This week the Denver Post reported that according to campaign filings, the Colorado Oil and Gas Association (COGA), an industry trade group, has spent more than $600,000 to defeat local fracking moratoria along the front range of the Rockies, donating to a number of groups with names such as Boulder Citizens for Rational Energy Decisions and Lafayette Campaign for Energy Choice.
Though they have the appearance of grassroots citizens’ campaigns, the groups appear to be part of a coordinated industry effort to defeat ballot initiatives in Boulder, Broomfield, Fort Collins, and Lafayette that would enact a five-year moratorium on hydraulic fracturing in each of the municipalities. Thanks to the money from COGA, the pro-fracking groups are poised to outspend groups supporting the moratoria 30-1. Most of that money has gone to iKue Strategies, a Denver consulting firm for which B.J. Nikkel, a former Colorado legislator, is advising the campaign.
Campaign finance reports filed October 15 show that COGA contributed $604,623 to five groups opposing fracking moratoria in four Front Range communities:
- Boulder Citizens for Rational Energy – $110,277
- Broomfield Balanced Energy Coalition – $156,238
- It’s Our Broomfield Too! – $15,000
- Fort Collins Alliance for Reliable Energy – $256,134
- Lafayette Campaign for Energy Choice – $66,974
The Colorado Oil and Gas Association is an industry trade group that lobbies on behalf of its member companies. Though COGA does not make its membership public, its board of directors includes employees of the some of the most prominent oil and gas drillers, including Shell, BP, Halliburton, and Pioneer Natural Resources. The board also includes representatives of companies that provide financial and legal services to the drilling industry such as Deloitte & Touche and Hogan Lovells.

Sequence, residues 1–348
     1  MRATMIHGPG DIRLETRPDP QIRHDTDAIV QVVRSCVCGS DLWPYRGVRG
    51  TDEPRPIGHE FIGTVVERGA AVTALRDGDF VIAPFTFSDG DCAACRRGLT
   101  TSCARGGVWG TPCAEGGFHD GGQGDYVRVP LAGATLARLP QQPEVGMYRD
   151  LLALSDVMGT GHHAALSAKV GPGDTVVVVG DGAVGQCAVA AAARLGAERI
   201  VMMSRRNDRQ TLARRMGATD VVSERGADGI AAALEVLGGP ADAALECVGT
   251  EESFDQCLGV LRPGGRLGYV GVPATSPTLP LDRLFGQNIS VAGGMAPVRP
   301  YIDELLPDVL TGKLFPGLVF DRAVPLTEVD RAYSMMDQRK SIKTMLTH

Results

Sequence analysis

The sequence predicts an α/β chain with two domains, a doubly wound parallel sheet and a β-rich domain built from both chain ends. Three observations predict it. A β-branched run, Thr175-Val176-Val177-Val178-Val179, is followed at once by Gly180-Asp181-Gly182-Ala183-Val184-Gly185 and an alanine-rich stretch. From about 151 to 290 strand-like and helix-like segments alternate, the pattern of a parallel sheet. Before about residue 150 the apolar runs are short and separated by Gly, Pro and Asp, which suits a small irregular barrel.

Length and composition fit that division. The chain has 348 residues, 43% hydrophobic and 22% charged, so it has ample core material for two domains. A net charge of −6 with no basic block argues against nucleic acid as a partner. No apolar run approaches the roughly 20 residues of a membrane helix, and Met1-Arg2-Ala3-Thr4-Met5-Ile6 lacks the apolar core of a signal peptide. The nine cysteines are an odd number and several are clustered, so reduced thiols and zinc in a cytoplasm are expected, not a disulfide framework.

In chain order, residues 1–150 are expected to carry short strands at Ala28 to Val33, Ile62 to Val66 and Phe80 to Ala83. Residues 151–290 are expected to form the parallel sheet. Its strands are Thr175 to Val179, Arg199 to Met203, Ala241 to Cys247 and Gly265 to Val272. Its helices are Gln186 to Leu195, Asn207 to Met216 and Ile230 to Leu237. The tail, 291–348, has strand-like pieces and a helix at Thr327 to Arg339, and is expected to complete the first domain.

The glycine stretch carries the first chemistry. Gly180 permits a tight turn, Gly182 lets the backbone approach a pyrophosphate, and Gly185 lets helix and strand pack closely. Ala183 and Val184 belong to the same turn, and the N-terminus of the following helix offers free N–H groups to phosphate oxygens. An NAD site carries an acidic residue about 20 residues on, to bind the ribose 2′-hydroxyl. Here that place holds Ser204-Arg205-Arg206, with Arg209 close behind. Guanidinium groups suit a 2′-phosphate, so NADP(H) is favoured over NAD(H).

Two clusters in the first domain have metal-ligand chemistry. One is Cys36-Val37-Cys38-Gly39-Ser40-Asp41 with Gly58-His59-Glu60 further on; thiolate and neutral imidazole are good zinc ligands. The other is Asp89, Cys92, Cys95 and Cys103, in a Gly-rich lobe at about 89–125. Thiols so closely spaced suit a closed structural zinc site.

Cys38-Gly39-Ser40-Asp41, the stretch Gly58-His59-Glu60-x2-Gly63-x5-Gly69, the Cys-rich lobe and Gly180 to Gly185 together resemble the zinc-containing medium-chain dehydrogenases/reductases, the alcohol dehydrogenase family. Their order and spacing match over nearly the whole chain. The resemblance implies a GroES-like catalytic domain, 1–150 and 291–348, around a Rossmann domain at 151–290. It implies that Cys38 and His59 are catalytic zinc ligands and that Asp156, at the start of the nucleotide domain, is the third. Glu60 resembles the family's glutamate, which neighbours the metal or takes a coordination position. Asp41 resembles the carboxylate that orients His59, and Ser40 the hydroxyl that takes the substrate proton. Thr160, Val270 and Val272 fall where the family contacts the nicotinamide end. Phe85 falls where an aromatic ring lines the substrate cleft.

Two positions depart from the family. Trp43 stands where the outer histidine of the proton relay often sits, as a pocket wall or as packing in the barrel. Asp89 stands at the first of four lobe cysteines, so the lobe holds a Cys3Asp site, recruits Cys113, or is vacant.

Although the anti-ban groups describe themselves as small and community-based, money contributed by the drilling industry through the Colorado Oil and Gas Association accounts for 99.7% of their combined expenditures, suggesting that Big Oil may be driving the opposition to the moratoria. Lafayette Campaign for Energy Choice, for example, took in $67,074 from September 16 to October 10, all but $100 of which came from COGA, according to documents obtained by KUNC, a local NPR affiliate.
Further lending plausibility to the idea that oil and gas is astroturfing opposition to local moratoria is that most of the money contributed to the pro-drilling groups has gone on to iKue Strategies, an enigmatic Denver consulting firm. According to Westword, a Denver alternative weekly, four of the five above-mentioned groups have paid nearly $400,000 to iKue. Lafayette Campaign for Energy Choice, the group that received the least from COGA spent nearly $14,000 with the firm, almost 10 times as much as their pro-moratorium analogue, East Boulder County United, took in.
iKue Strategies’ advisor on the pro-moratorium campaign is B.J. Nikkel, a former legislator in the Colorado House of Representatives. Nikkel enjoyed some celebrity in 2012 for breaking ranks with the Republican establishment to support a bill legalizing civil unions for gay couples. The bill ended up failing that year (though it passed in 2013), and Nikkel chose not to run again. Hiring former government officials is a tried and true oil and gas industry strategy, and Nikkel’s involvement with the COGA-financed campaigns may be a further indication that the pro-fracking groups are not as grassroots as they hold themselves out to be.
It will be interesting to see whether the astroturf groups’ 30-1 bankroll and the prowess of a revolving door campaign advisor will sway public opinion in favor of gas drilling in any or all of these communities.